1984 Questions and Answers
by George Orwell

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In 1984, Julia, Winston, and O'Brien are distinctly different from one another. What is the difference between their knowledge and understanding of the past, their rebelliousness, and their motivations that make them different from each other?

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Julia is the youngest of the three and doesn't remember a time when Oceania was not in the grip of the Party, Big Brother and the propaganda apparatus that surrounds her. She has never been especially important and doesn't have a context for envisioning a life outside of a totalitarian state. Her viewpoint is pragmatic: she wants to work the system to her advantage so that she can have some fun and pleasure in life. She doesn't care, for example, whether or not the party invented the airplane: her focus is on the here and now. 

Winston, on the other hand, remembers the time before the Party took control and know how it has tried to alter reality. His opposition to totalitarianism is primarily idealistic rather than pragmatic. It bothers him that his job requires him to alter the historical record on a daily basis. He realizes that life has become narrower and much more controlled for the average person and this bothers him. He would like people to have freedom to think for themselves, know the truth and develop their human potential.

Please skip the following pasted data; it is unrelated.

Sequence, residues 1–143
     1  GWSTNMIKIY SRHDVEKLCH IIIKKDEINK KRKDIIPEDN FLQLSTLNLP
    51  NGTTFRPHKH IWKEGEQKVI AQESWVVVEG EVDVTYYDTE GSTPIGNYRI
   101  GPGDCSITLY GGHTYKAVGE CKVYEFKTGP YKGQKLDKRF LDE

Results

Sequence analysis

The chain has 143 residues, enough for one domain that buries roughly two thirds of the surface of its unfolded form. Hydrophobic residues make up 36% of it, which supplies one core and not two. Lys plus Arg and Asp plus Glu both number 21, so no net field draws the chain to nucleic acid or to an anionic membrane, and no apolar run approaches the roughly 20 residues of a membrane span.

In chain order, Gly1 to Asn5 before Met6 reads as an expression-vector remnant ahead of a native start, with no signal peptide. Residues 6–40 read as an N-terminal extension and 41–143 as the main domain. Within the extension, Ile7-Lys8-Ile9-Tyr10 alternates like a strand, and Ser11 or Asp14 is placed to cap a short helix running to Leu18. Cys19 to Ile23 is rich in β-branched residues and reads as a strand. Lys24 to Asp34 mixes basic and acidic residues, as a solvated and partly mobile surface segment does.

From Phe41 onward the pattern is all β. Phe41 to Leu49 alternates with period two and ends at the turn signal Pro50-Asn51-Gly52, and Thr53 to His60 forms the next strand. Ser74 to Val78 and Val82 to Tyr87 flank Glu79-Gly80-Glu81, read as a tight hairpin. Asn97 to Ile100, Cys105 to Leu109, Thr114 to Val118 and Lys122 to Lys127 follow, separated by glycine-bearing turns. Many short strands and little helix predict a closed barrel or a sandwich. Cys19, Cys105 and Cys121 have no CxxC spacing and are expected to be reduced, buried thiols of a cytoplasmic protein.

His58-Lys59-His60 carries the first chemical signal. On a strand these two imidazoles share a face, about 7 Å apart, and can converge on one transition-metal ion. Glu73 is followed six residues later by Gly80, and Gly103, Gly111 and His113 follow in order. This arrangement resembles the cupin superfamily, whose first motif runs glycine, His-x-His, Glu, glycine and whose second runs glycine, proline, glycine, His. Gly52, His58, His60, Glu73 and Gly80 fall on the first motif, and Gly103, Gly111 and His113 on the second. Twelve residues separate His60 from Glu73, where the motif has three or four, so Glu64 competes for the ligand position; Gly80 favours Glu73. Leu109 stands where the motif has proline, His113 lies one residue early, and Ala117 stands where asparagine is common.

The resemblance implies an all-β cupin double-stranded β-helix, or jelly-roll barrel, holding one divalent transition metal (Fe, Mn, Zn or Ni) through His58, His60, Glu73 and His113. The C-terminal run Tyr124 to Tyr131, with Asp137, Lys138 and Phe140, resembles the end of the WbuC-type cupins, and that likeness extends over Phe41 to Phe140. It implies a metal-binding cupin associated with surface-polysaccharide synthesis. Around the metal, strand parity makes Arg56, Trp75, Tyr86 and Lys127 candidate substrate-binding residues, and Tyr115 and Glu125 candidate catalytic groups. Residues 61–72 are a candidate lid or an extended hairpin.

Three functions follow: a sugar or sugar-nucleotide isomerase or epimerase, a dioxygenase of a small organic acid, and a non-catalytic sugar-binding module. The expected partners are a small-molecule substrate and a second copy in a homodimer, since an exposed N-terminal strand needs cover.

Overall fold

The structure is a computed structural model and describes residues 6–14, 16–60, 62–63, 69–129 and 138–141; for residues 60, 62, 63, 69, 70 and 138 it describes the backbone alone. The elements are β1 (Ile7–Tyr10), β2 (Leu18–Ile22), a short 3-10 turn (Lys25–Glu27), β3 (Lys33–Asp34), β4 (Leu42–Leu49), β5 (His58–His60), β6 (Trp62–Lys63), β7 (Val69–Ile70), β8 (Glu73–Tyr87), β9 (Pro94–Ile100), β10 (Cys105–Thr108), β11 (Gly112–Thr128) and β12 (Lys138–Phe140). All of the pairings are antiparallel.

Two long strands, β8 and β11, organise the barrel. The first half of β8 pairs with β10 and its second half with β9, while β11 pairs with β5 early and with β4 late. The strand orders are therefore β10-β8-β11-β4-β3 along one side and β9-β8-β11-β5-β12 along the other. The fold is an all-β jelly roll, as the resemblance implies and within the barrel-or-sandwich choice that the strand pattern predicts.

O'Brien, as he will reveal to Winston in Minilove, is motivated purely by the desire for the power and believes he and others in his elite group can achieve almost ultimate power--godlike power to determine truth and reality--through the Party. While he calls Winston insane, it is clear that he is the insane one, driven by an overwhelming lust for absolute control. Triumph is the emotion he wants to experience: he wants to crush other people and make them suffer so he can be sure he has power over them. As he says, if a person isn't doing something that makes them suffer, you can't know if they are doing it from their own will or because they have no power to resist. O'Brien is the face of totalitarianism, driven by a lust for power or as he puts it, the boot stamping the human face.

Both Julia's pragmatic desire for ordinary human pleasures and Winston's more idealistic desire for truth and freedom are crushed by O'Brien's will to power. 

 

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